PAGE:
Ospreys are conspicuous birds along the shorelines of inland and coastal waters, as they hover over shallow water, watching for fish. After spotting one they plunge feet-first to capture the fish and fly off to eat it. These birds have adapted readily to placing their nests on man-made structures. In some areas most nests are on these objects. Populations have also recovered well from the DDT-induced crash of 1950-1970 (Poole et al. 2002).
The Osprey is considered a single species worldwide (Am. Ornithol. Union 1998) with 4 subspecies: one breeds across Europe and northern Asia, a second in Australia and Indonesia, a resident race in the Caribbean and the mostly migratory North American population (Poole et al. 2002).
DISTRIBUTION. During the 1987-1992 field work seasons of the TBBA project, volunteers found at least 3 confirmed and one probable breeding locations in latilong 31094. Most of the other 2 probable and 28 possible sites were along the coast and on the lower parts of major rivers. In neighboring Oklahoma an active nest was found along the Arkansas River near the eastern edge of that state in 1985 (Stuart 2004).
Elsewhere in North America, breeding occurs from Alaska across Canada to Newfoundland. In the lower 48 states, Ospreys breed through much of the Pacific Northwest, the upper Great Lakes and the Northeast and south along the Atlantic Coast to Florida. Breeding also occurs in northern California and at scattered sites in inland states. In Mexico Ospreys nest along the coasts of Baja California, the opposite shore of the Mexican mainland and the east coast of the Yucatan Peninsula as well as most islands. In winter these birds are found along and near the coasts of the southern United States, Mexico, Central America, the Greater Antilles and locally in northern and central South America (Howell and Webb 1995, Poole et al. 2002).
SEASONAL OCCURRENCE. Ospreys migrate to and through Texas from mid-March to late May and early September to mid-November, when they are uncommon to rare. In winter they are most common along the coast. The rare breedings in Texas probably occur during the long North American season of April through August (Oberholser 1974, Poole et al. 2002, Lockwood and Freeman 2004).
BREEDING HABITAT. Ospreys have two needs for successful breeding: shallow water with fish and a support for their large nest. The water can be a lake, flowing stream, tidal lagoon or ocean. The support can be a live or dead tree, a platform or other man-made structure, or even the ground, on mammal-free islands. The elevational range is wide. Ospreys nest along sea coasts and in conifer forests of interior mountains (Harrison 1979, Barrett 1998, Poole et al. 2002, Driscoll 2005).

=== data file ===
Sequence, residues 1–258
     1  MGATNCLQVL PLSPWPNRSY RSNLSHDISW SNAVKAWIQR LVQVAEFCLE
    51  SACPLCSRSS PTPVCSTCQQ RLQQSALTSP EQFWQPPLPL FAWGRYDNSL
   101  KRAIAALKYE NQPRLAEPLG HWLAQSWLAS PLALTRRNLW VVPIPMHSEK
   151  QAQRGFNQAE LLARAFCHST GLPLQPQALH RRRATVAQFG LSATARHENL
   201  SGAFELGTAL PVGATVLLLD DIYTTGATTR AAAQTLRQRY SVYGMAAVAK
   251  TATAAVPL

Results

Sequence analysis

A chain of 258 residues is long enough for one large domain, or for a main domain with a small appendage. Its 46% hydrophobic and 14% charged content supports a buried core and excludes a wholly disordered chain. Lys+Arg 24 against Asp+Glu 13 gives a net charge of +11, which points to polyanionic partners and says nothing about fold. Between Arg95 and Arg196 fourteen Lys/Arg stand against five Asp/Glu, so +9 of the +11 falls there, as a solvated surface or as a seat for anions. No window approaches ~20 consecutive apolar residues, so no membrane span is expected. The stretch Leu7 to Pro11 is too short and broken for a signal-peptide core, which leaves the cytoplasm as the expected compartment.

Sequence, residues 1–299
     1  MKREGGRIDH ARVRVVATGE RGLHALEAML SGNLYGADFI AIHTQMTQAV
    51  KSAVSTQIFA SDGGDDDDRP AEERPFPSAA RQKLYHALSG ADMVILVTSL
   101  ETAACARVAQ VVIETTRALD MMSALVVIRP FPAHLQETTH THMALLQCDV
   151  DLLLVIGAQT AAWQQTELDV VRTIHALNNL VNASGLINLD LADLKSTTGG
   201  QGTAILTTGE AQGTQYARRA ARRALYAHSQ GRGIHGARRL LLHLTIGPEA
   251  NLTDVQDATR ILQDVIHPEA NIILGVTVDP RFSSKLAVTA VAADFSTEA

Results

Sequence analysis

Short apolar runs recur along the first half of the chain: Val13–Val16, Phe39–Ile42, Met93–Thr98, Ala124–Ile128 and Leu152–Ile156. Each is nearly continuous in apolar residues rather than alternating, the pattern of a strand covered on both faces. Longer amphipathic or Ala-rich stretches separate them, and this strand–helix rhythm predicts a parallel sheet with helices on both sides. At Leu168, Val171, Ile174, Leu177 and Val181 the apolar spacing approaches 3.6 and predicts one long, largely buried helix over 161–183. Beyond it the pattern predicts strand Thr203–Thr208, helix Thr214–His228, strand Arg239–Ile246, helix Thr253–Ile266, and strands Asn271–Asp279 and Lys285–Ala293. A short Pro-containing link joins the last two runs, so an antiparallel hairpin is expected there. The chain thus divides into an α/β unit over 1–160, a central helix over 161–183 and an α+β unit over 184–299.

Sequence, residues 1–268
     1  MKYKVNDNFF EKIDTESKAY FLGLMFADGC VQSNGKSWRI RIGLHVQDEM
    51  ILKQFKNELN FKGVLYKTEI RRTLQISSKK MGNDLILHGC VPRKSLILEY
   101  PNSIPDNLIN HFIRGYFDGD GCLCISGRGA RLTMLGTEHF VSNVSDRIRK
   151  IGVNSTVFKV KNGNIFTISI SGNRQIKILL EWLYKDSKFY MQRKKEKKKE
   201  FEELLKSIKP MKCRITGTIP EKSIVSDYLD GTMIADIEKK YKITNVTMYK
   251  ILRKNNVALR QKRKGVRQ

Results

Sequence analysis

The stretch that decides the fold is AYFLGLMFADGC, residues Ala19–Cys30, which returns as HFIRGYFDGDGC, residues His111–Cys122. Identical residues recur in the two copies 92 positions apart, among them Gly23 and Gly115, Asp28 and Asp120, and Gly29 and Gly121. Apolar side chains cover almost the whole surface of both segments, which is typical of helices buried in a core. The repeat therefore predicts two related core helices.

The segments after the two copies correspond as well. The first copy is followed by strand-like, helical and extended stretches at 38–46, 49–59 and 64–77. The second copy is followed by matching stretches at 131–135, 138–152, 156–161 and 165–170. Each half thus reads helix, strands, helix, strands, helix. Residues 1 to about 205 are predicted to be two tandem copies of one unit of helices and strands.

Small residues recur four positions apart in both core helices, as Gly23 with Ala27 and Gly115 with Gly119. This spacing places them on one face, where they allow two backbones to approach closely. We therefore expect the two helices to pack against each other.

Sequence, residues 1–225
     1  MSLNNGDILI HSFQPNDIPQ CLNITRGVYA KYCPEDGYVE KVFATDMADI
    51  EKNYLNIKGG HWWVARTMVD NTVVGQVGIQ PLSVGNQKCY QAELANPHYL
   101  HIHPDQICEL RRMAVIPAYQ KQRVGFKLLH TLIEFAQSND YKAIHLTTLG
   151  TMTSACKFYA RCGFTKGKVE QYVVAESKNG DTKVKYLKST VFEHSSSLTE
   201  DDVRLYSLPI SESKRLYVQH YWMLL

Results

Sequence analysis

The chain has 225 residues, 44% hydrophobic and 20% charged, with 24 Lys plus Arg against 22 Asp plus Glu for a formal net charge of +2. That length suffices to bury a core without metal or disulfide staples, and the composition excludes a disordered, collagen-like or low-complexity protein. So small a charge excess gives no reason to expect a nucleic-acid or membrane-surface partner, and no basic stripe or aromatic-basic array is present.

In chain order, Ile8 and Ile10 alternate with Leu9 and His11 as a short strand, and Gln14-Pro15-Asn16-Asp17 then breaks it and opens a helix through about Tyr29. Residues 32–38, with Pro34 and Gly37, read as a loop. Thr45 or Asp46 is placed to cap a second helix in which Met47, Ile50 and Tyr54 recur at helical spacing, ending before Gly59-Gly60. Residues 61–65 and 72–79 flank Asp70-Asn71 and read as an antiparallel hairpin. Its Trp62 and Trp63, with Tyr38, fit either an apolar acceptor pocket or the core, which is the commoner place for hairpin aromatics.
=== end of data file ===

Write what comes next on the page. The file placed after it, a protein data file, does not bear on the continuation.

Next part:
The nest, a mass of large and small sticks, often reused in successive years, is lined with inner bark, grass, vines and .a wide variety of human debris. On this platform the female usually lays 3 (range 1-4) creamy white to pinkish cinnamon eggs, wreathed and spotted with reddish brown. These are laid at 2-3 day intervals. The female who does 70% of daylight and all nighttime incubation, starts after laying the first egg. Incubation continues for about 36-42 days (to hatching of the first egg). The young birds take their first flights 50-67 days after hatching and remain with their parents for at least another 10-20 days. Only one brood is raised per year (Harrison 1979, Poole et al. 20020.
STATUS. Osprey is a rare and local breeder in Texas (Lockwood and Freeman 2004). The map in Oberholser (1974) indicate only one breeding site (along the Rio Grande Rover) for Ospreys in this state and only a few scattered summer observations. Lockwood and Freeman (2004) indicate non-breeding individuals are also present in Texas in summer and this probably accounts for some of the possible TBBA observations as well as summer records on Oberholser’s map. While the Breeding Bird Survey data does not produce a population trend for Ospreys in Texas, the annual population change for North America of +5.0% for the period 1980-2006 is statistically significant (Sauer et al. 2007) and suggests a healthy population.
Text by Robert C. Tweit (2007)
American Ornithologists’ Union. 1998. Checklist of North American birds, 7th ed. Am, Ornithol. Union, Washington, DC.
Barrett, N. M. 1998. Osprey (Pandion haliaetus). In Colorado Breeding Bird Atlas, pp. 104-105 (H. E. Kingery, ed.), Colorado Bird Atlas Partnership, Denver.
Driscoll, J. T. 2005. Osprey (Pandion haliaetus). In Arizona Breeding Bird Atlas. pp. 120-121 (T. E. Corman and C. Wise-Gervais, eds.), University of New Mexico Press, Albuquerque.
Harrison, H. H. 1979. A field guide to western birds’ nests. Houghton Mifflin, Boston, MA.
Howell, S. N. G. and S. Webb. 1995. A guide to the birds of Mexico and northern Central America. Oxford University Press, New York.
Lockwood, M. W. and B. Freeman. 2004. The TOS handbook of Texas birds. Texas A&M University Press, College Station.
Oberholser, H. C. 1974. The bird life of Texas, University of Texas Press, Austin.
Poole, A. F., R. O. Bierregaard and M. S. Martell. 2002. Osprey (Pandion haliaetus). In The Birds of North America, No. 683 (A. Poole and F. Gill, eds.). The Birds of North America, Inc., Philadelphia, PA.
Sauer, J. R., J. E. Hines, and J. Fallon. 2007. The North American Breeding Bird Survey, results and analysis 1966-2006. Version 7.2 2007. USGS Patuxent Wildlife Research Center, Laurel MD < http://www.mbr-pwrc.usgs.gov/bbs>
Stuart, R. A. 2004. Osprey (Pandion haliaetus) In Oklahoma Breeding Bird Atlas, pp. 84-85 (D. L. Reinking, ed.). University of Oklahoma Press, Norman.